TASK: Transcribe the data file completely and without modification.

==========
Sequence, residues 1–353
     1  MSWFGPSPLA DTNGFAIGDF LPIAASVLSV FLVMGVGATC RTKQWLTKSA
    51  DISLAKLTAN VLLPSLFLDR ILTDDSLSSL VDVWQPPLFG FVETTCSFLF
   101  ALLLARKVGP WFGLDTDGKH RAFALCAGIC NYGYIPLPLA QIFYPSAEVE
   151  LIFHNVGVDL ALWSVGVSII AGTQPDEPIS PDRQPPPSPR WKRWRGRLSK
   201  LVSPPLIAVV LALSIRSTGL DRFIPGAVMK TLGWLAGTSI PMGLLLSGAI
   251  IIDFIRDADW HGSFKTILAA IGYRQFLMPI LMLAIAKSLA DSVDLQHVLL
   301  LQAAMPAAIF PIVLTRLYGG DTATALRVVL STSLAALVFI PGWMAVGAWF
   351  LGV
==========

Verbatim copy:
Sequence, residues 1–353
     1  MSWFGPSPLA DTNGFAIGDF LPIAASVLSV FLVMGVGATC RTKQWLTKSA
    51  DISLAKLTAN VLLPSLFLDR ILTDDSLSSL VDVWQPPLFG FVETTCSFLF
   101  ALLLARKVGP WFGLDTDGKH RAFALCAGIC NYGYIPLPLA QIFYPSAEVE
   151  LIFHNVGVDL ALWSVGVSII AGTQPDEPIS PDRQPPPSPR WKRWRGRLSK
   201  LVSPPLIAVV LALSIRSTGL DRFIPGAVMK TLGWLAGTSI PMGLLLSGAI
   251  IIDFIRDADW HGSFKTILAA IGYRQFLMPI LMLAIAKSLA DSVDLQHVLL
   301  LQAAMPAAIF PIVLTRLYGG DTATALRVVL STSLAALVFI PGWMAVGAWF
   351  LGV